The answer, for now, rests with Mohd Najib as Finance Minister and anointed successor to the

Prime Minister’s post.

His first reaction upon the announcement of Abdullah’s retirement plan was to assure the public that the country’s economy is stable despite the financial crisis being faced by the global community.

For the general public, the assurance means nothing if prices of goods and services continue to rise, jobs are hard to come by and the promise of a clean and efficient government remains


Convincing the business community is even harder when demand for goods and services is falling, trade debtors are rising and return on investment is shrinking.

Sooner or later, the government has to address non-performing loans of the banking system and the ability of businesses to obtain and service loans visà- vis the depressed Bursa Malaysia.

I wish I were totally out of turn and unequivocally wrong in questioning the preparedness of our

government in facing the widening global economic and financial crisis.

For the record, we have been repeatedly assured that our economy is doing well and the banking system is solid.

But those doing business and dependent on the banking system and the capital market are saying otherwise. Their coffers are shrinking. So are the ordinary consumers’.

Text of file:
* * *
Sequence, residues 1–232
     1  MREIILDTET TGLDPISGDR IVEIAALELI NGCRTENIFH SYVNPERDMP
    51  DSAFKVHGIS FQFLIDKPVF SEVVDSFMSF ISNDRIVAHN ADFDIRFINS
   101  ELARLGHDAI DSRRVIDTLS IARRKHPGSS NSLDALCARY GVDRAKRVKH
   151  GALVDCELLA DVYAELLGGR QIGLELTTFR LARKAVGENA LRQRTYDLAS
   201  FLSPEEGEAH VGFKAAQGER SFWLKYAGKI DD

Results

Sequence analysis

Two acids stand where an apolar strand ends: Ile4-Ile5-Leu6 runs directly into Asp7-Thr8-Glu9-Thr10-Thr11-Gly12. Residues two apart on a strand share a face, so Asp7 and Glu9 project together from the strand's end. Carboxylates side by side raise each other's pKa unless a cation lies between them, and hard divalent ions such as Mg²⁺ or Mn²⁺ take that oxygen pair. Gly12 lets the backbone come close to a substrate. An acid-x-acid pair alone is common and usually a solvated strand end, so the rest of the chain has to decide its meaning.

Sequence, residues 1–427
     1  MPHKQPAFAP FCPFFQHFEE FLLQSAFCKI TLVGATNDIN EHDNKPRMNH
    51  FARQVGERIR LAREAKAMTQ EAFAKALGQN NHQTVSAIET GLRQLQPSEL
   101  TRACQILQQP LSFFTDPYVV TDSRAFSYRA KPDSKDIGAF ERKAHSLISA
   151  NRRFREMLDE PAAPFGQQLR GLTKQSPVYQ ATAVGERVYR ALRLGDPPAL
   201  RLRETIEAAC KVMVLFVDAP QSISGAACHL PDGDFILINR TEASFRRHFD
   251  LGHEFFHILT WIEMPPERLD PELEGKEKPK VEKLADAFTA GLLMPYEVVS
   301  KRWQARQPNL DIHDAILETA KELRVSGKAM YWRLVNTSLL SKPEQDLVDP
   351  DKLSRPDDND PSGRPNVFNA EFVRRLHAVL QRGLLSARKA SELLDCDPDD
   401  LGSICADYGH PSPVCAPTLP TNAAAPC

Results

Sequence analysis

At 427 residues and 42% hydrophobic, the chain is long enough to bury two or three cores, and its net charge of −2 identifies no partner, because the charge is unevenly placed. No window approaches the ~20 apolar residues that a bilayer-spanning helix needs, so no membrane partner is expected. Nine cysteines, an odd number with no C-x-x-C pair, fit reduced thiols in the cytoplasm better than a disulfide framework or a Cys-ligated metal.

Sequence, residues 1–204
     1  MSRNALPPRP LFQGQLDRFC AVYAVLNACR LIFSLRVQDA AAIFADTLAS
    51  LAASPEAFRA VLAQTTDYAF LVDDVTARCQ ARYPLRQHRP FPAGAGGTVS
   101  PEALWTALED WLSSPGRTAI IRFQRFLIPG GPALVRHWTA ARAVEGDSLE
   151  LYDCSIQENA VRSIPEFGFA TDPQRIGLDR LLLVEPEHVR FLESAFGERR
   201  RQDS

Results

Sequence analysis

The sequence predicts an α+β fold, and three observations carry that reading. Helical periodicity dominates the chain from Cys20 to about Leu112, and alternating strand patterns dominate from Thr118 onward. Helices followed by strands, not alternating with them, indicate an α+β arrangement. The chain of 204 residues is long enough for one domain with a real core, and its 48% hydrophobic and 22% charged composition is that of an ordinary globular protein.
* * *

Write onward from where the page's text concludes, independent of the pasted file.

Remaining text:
Production costs have been on the rise since the big jump in domestic fuel prices in 2006 and a further crippling rise last June. The fractional lowering of prices since then has not helped to reduce consumer prices.

Sales have either fallen or stagnated. Just take a look at the prevalence of ‘for sale’, ‘for rent’ and ‘closing down sales’ advertisements and posters in the big cities.

The ‘for sale’ and ‘for rent’ signs are an indication of the declining economy and the unproductive nature of some economic sectors, in particular, construction and property.

Whereas the crude economic growth would have taken into account the tens of thousands of houses and business premises that come on stream annually, the worrying fact is that these properties are not being sold or occupied. Thus, in real terms, they are not generating additional wealth for the economy.